Q: I have worked for the federal government for six years and participate in the Thrift Savings Plan (TSP). I also have a self-directed Roth IRA and 401(k) with Schwab. Getting near retirement, I am not really happy with the burden of self-directed accounts, and my trading costs are high because I tend to over-manage the portfolio. I also have a Vanguard taxable account. I am considering these options for the retirement plans: Roll the Schwab 401(k) plan into the Thrift Savings Plan, which as you point out in columns is very low cost. Fund choices are limited to bond, Treasury, large cap, small cap and international, but that should be enough. Or keep the TSP and Schwab separate, and have Schwab administer the plans it has. It charges 0.75 to 1 percent of assets and has various plans (Private Client, Windhaven, managed portfolio, etc.). I don’t like to lose that much in costs (it would be about $7,000 a year in fees) compared to the TSP, but do you think Schwab could outperform TSP consistently? Or I could transfer retirement plans to Vanguard and invest in a LifeStrategy Fund. I have heard that it is pretty hard for actively managed plans to beat the indexes, and the LifeStrategy Fund is built with index funds and regularly rebalances. I am trying to simplify my retirement fund management. I don’t think I do a very good job; I get too impulsive. Do I really need to pay a fee-based registered investment adviser to do a basic asset allocation and rebalance? I am wondering whether the simplest option would be to put all funds in TSP and go with the lowest cost. I could do my own rebalancing. Or do you think Schwab might earn its increased fees in terms of return?
A: Whether you go to Schwab, Fidelity, Vanguard or another asset manager/fund company, the basic issue is whether management can recover the costs it imposes on your money. Those costs vary from reasonable to ludicrous, but most are in the range of 0.75 percent or 1.5 percent, plus higher trading costs.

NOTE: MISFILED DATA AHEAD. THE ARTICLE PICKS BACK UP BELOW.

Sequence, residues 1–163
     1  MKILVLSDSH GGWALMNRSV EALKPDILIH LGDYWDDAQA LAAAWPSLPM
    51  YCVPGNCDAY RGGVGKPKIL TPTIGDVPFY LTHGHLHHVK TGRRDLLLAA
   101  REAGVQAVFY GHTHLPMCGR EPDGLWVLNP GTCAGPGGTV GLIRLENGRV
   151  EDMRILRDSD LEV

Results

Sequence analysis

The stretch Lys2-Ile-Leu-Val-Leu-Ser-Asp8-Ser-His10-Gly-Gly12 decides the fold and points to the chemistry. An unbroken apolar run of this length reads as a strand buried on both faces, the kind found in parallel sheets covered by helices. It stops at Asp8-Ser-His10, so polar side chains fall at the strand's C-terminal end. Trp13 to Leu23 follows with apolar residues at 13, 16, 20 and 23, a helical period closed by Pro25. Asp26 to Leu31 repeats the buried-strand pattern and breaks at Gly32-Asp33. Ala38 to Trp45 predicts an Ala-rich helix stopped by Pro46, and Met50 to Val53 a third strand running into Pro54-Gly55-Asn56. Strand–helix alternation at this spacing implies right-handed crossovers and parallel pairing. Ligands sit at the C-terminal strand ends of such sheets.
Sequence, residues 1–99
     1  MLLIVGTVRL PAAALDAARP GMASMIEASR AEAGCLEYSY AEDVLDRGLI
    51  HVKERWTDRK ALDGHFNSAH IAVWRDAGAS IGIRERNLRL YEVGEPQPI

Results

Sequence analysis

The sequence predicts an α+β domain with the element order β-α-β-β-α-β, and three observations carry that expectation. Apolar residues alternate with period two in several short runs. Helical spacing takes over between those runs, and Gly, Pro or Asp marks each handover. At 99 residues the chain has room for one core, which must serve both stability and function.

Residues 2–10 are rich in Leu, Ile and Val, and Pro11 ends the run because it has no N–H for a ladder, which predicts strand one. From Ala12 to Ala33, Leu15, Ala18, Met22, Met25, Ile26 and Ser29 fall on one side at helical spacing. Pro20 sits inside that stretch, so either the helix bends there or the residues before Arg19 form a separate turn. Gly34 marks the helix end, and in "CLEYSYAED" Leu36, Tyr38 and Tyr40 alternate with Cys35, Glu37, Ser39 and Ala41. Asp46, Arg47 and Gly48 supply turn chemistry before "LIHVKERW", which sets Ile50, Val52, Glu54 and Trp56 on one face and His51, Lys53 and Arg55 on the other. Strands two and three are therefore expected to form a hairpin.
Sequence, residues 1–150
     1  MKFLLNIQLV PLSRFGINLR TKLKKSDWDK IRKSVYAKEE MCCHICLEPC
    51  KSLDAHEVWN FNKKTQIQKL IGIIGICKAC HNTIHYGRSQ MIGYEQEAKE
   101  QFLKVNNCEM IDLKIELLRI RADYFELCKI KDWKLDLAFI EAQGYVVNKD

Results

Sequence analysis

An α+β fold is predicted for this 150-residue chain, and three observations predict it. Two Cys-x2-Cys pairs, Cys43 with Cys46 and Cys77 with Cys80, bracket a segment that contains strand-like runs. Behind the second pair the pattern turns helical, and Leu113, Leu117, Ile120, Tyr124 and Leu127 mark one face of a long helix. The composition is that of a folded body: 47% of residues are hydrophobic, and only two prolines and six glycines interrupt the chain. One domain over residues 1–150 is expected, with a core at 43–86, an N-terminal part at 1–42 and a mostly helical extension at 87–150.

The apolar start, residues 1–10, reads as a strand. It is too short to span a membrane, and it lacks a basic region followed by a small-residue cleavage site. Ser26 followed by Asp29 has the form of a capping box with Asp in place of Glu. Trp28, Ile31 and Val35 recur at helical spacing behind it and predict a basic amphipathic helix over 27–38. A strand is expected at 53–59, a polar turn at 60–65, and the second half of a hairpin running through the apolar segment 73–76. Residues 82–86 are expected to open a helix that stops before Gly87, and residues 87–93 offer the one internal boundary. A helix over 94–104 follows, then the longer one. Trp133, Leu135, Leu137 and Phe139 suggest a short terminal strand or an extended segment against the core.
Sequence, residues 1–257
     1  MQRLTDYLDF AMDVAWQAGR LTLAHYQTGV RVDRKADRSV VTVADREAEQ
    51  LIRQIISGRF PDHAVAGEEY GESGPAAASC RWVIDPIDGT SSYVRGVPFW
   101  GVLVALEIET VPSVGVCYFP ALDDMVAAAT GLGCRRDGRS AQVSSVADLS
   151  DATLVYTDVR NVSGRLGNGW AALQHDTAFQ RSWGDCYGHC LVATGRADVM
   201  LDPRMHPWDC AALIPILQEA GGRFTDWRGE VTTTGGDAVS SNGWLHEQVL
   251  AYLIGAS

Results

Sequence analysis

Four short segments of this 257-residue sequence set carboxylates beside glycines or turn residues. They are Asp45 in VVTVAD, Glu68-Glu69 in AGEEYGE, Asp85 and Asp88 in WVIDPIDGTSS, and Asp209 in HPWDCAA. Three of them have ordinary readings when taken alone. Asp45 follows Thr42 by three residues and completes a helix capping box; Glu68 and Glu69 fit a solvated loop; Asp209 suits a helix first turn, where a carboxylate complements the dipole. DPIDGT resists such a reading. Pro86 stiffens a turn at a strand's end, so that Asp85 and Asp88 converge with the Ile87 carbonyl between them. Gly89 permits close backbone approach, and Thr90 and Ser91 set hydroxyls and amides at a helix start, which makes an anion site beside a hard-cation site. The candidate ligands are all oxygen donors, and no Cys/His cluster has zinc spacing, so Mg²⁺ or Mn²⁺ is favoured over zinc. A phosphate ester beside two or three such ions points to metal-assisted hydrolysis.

Here, decades of research are not encouraging. The research indicates that the additional costs will not be recovered. When you bet on managers, you are basically hoping that your manager will be one of the 30 percent (often less) who beat their target index.
This is not because portfolio managers are nitwits. They aren’t. Indeed, you can be proud that some portion of your management fees may allow them to send their children to Harvard. The reason costs aren’t recovered is that even very intelligent people can’t predict the future.
In fact, you can have a low-cost, managed solution at the TSP, Schwab and Vanguard. You can do this very easily in the TSP, while enjoying its ultra-low costs of 0.027 percent, by investing in one of what are called the “L” funds.
You can do something very similar with a Vanguard LifeStrategy Fund. Vanguard also uses low-cost index funds to build the portfolios. The Moderate Growth Fund (ticker: VSMGX) invests in the U.S. Total Market Index, the very broad Total International Stock Index, and a domestic total bond index with about 60 percent equities, 40 percent fixed income, at a cost of only 0.16 percent.
It is more expensive to do this at Schwab with its MarketTrack and Target funds, but you can virtually duplicate your TSP or Vanguard fund choice at Schwab by buying its low-cost, individual exchange-traded funds in the same proportions as the pre-built portfolios offered by the TSP and Vanguard.
Indeed, if you want to follow what I call my “Couch Potato” portfolio path, you can do it easily and at very low cost. The annual cost would be 0.07 percent at Schwab and 0.10 percent at Vanguard.
Rather than consolidate the Schwab 401(k) plan into the TSP, why not keep it until you retire? Then you could move the TSP holdings into a familiar Schwab rollover account. You’ll have all your assets under one roof, free checking and online account information that shows your total holdings. That’s a lot better than having what some call “scattered asset syndrome.”
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